Perry Glasser

Archive for the ‘Personal Finance’ Category

WIZARDRY EXPOSED

In Business, Economy, EDUCATION, Finance, Personal Finance, Wall Street Journal on January 6, 2015 at 1:42 pm
WIZARD OF FINANCE

WIZARD OF FINANCE

Financial Wizards feel compelled to offer explanations for any and all stock market perturbations. After all, what’s the point of being a Wizard if you possess no magic?

Besides, how can a Wizard separate a Citizen from hard-earned cash by offering sage advice despite being clueless?

Cohorts of Wizards are in the business of blowing red smoke, green smoke, and blue smoke to impress the rubes that the world of finance is too mysterious and hard to understand for mere mortals, a falsehood that precipitates money.
Nevertheless, smoke remains smoke.

Wizardry Exposed

Wizard advice comes in four flavors:

Subjunctive Mood Mavens: Solemn pronouncements in subjunctive mood are consultant-speak, the language of baseless prognostications, crystal ball gazing bank economists, and other members of  the OUIJA board school of investment advice. They can never be wrong. Dollar$ notes for those who need a grammar refresher that subjunctive mood expresses an idea that is untrue or a wish. Subjunctive mood is especially helpful when waffling. The stock market may go down this year is an utterance that suggests it may also go up. Subjunctive mood is a favorite of the Wizard Street Journal headline writers who have the odious task of filling column inches on days when there is no financial news — which is most days. Greece May be Forced from the Euro Common Market!  Yes, well, it might not be, too.

Hysterics: We pay for slasher movies because we like a good scare; we ride rollercoasters for the same reason. The Wizard who cries “Wolf!” on a near daily basis, unlike the boy in the story, will always find listeners. Like the owner of the clock that stopped who bragged his timepiece was correct twice each day, Doomsayers gather an audience despite being wrong most of the time. Readers who doubt this may want to note that even adjusted for inflation, the Dow Jones Industrial Average, the measure by which most people assess stock the US markets, has gone from below 4,000 in 1994 to hover near 18,000 now. Even adjusted for inflation, any schmuck should realize listening to Doomsayer Hysterics can cost a bundle. If Henny Penny urges you to make your appeal to Foxy Loxy because the sky is falling, don’t be surprised if you turn into Foxy Loxy’s main dinner course.Henny_penny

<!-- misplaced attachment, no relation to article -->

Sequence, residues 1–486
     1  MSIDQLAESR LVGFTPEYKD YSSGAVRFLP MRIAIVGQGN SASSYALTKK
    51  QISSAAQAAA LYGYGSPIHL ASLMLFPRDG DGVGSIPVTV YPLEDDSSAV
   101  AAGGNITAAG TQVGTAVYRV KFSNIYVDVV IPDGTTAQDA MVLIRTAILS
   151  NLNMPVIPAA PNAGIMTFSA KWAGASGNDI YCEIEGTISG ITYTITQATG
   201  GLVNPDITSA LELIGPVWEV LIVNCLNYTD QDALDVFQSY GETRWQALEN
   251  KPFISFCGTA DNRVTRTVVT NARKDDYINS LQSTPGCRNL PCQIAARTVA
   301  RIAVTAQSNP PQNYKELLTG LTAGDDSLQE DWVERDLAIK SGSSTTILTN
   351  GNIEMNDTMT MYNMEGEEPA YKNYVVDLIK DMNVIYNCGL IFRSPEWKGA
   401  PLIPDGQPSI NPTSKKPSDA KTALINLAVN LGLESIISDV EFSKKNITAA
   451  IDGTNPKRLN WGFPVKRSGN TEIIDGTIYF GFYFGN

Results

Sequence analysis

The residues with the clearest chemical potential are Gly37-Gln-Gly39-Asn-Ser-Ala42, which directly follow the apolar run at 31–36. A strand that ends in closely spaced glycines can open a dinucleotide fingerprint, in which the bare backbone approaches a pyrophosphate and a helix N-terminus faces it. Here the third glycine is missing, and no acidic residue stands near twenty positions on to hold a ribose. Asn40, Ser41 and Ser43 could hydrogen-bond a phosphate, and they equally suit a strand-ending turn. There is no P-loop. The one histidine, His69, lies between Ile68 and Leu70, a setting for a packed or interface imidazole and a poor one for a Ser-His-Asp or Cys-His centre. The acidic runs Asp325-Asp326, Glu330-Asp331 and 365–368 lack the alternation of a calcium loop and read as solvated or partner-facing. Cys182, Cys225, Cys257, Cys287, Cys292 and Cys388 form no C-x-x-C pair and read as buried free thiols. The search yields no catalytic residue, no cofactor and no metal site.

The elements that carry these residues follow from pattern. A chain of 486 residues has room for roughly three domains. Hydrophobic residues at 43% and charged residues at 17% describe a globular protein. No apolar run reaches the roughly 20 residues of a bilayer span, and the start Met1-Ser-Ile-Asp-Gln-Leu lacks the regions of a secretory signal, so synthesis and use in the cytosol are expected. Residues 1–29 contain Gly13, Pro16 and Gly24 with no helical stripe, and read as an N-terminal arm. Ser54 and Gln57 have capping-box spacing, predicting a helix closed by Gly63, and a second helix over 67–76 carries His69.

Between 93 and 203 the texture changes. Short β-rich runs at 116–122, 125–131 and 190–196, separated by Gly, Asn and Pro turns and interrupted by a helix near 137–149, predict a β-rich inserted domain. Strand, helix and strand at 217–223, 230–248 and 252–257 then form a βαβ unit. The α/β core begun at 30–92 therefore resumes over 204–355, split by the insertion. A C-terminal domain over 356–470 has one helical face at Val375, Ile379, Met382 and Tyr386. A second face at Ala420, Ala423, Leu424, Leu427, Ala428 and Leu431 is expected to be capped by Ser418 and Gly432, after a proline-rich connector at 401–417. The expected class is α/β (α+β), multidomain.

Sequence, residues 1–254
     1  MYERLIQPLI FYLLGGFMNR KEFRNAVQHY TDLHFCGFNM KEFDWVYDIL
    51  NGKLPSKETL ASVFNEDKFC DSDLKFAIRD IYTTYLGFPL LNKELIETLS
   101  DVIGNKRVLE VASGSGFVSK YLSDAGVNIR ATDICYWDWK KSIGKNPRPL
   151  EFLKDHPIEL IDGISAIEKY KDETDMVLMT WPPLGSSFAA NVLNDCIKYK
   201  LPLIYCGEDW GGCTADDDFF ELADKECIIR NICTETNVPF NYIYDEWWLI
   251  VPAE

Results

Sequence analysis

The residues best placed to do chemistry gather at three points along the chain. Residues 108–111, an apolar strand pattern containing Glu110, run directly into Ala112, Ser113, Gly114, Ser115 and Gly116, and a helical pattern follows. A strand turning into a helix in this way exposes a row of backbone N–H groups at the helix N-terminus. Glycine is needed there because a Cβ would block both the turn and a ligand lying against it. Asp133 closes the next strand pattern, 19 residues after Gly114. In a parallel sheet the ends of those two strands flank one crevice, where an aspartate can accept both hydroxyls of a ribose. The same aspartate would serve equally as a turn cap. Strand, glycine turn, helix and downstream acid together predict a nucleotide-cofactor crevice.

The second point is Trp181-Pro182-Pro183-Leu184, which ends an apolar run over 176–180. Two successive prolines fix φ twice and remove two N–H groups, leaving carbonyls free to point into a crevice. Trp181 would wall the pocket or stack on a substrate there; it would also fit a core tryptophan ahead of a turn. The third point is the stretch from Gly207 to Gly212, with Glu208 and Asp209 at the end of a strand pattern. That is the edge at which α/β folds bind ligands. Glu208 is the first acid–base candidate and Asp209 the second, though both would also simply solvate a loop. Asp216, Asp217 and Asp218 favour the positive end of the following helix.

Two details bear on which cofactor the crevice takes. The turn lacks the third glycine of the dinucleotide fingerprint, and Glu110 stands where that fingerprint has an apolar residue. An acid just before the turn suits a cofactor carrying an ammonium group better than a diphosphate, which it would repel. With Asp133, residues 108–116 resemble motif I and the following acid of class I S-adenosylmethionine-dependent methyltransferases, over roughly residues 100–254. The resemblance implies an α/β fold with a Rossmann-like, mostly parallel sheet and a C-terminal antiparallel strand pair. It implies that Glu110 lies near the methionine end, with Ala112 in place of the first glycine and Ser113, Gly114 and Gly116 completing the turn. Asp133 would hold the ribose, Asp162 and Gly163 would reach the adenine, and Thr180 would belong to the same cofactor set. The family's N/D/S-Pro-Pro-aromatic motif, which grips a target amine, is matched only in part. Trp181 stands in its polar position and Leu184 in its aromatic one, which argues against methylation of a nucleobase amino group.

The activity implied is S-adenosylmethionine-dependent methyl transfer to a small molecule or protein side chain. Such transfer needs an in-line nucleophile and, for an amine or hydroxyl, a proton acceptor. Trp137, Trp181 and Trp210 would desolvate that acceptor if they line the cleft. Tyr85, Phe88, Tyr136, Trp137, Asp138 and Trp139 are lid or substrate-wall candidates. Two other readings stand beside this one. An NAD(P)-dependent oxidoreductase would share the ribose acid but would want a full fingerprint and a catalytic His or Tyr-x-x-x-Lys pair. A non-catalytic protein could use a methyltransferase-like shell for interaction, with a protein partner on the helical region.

Snow-Blowers: Ruminating over arcane charts and using an esoteric vocabulary about cups, cliffs, breakout and support levels, peaks and valleys, Snow-Blowers sell unwary Citizens advice based on the premise that graphical patterns in the past will repeat in the future. Such soothsaying is about as accurate as your average racetrack tout who examines past performances. While racetrack touts and technical analysts will leave you equally broke, racetrack touts use a transparent vocabulary. You might also consult the entrails of birds.

Screamers:  When you have to fill a 30-minute TV time slot for five days each week, the only way to maintain an audience is to scream at them.  That’s 200 days each year, a total of 100 hours of annual financial advice. When every study shows that the best way for investments to thrive is a modest, infrequently varied buy-and-hold investing approach, it’s hard to imagine just what there is to scream about, other than trying to draw the audience that draws the advertisers.  I mean, what can Cramer do? Name seven stocks every January and shut up for a year? His bad calls are legendary, but he does not have to be right, he has to be loud.  It’s just show-biz, folks.kramer7

 

 

 

IT’S BOOM TIMES IN AMERICA

In Business, Economics, Economy, EDUCATION, Finance, Personal Finance, Political Economy, Wall Street on December 23, 2014 at 8:58 pm

Dollar$ is back after an absence: the rarest thing is cyberspace is a blog with nothing to say. But it is time.

Many a financial prognosticator makes a living by predicting gloom and doom. People like a good scare. The problem is, this is no time to be terrified.

Things have never been better. There, I said it.

The oil price war going on between OPEC and the US is about market share. Oh, and be sure to understand it is a price war. Sweaty Wizards will call it a collapse in the market, but OPEC and the US are going toe to toe to own exports to China and Europe.

The beneficiary of this price war are Citizens. We are usually screwed, but we also put gasoline in our SUVs and warm our homes in winter.